Wednesday, February 10, 2016

NASA Says "No" to Jesus

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NASA has instructed its scientists, engineers and support teams to refrain from using the word "Jesus" in any announcements, including private announcements, that appear in the Johnson Space Center newsletter.

A NASA engineer says, "It was shocking to all of us and very frustrating."

The engineer says, "NASA has a long history of respecting religious speech, why wouldn't they allow us to put the name of Jesus in the announcements about the club?"

I will be talking about this, and yesterday's primary election results in New Hampshire on the radio live this morning at 9 AM PST and rebroadcast at 7:30 PM PST. You may join me on the ACN radio network, on your computer or iPhone from anywhere in the world.

Here's how.

It is rather shocking that NASA would say "no" to Jesus given their history of astronauts praying, reading the Bible, and even receiving communion while on the moon.

Todd Starnes points out that "On Christmas Eve, 1968, the crew of Apollo 8 read the Creation story as they orbited the moon. Astronauts Jim Lovell, Frank Borman and Bill Anders took turns reading from the book of Genesis."

NASA defended the astronauts after atheist Madalyn Murray O' Hair filed a federal lawsuit. The Supreme Court dismissed the suit due to "lack of jurisdiction."

Some of us may remember astronaut Buzz Aldrin received communion on the moon during the 1969 Apollo 11 mission.

Here's the back story:

Since 2001, employees have gathered during their lunch hour to pray, sing and read the Bible. There had been no censorship.

However, when they published the following announcement last year, NASA reacted.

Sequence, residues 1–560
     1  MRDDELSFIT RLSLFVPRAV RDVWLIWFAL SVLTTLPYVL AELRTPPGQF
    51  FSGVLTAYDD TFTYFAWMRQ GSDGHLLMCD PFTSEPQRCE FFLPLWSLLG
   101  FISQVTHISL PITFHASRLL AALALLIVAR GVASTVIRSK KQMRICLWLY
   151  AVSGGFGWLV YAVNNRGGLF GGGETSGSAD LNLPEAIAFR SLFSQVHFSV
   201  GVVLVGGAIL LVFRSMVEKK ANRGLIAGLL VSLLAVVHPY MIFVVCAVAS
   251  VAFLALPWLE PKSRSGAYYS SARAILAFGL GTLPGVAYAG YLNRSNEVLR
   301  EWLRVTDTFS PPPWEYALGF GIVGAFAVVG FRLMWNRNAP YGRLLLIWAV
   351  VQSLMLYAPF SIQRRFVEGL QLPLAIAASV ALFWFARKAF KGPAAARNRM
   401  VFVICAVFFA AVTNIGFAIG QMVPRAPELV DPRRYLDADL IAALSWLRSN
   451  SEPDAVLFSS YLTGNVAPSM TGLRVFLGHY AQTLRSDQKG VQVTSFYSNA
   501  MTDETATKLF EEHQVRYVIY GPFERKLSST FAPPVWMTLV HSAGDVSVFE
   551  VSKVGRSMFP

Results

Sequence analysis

Join with the praise and worship band “Allied with the Lord” for a refreshing set of spring praise and worship songs on Thursday, June 4, from 11:15 a.m. to noon in Building 57, Room 106. (The theme for this session will be “Jesus is our life!”) Prayer partners will be available for anyone who has need. All JSC civil servants and contractors are welcome.

The club's leadership was told that "NASA would be censoring all future club announcements that featured the name, 'Jesus'."

NASA's legal department explained that including "Jesus'" name within the club's announcement made that announcement "sectarian" or "denominational."

They also said that such announcements would cause NASA to violate the Establishment Clause of the First Amendment to the United States Constitution.

The organizers offered to include a "disclaimer," explaining that the announcement was private speech, not something endorsed by NASA.

Again NASA said "no" to Jesus.

Liberty Institute, a Christian law firm, has now entered the scene.

In their letter sent Monday of this week, Liberty stated that NASA lawyers pressured a group of employees at the Johnson Space Center to remove the word "Jesus" from a club announcement. They note the demand took place in May and June of 2015.

Liberty says the reason this is unacceptable is because NASA lawyers didn't want innocent observers to come to the erroneous conclusion that the space agency endorses Christianity. An official endorsement of Christianity, says the NASA lawyers, would be a violation of the Establishment Clause.

However, Liberty disagrees, and argues that downward pressure from NASA lawyers constitutes a violation both of religious liberty and free speech. It is clear, Liberty claims the email announcements "do not originate from NASA, but rather from employees on behalf of a private spiritual club."

Liberty has given NASA until March 10, 2016 to reconsider. If they do not, Liberty will file a lawsuit on behalf of the Christians.

NASA released a statement late Monday that does not dispute the claim by Liberty, but says "NASA does not prohibit the use of any specific religious names in employee newsletters or other internal communications." Then went on to list a number of clubs and groups who use the newsletter for announcements, concluding, "We believe in and encourage open and diverse dialog among our employees and across the agency."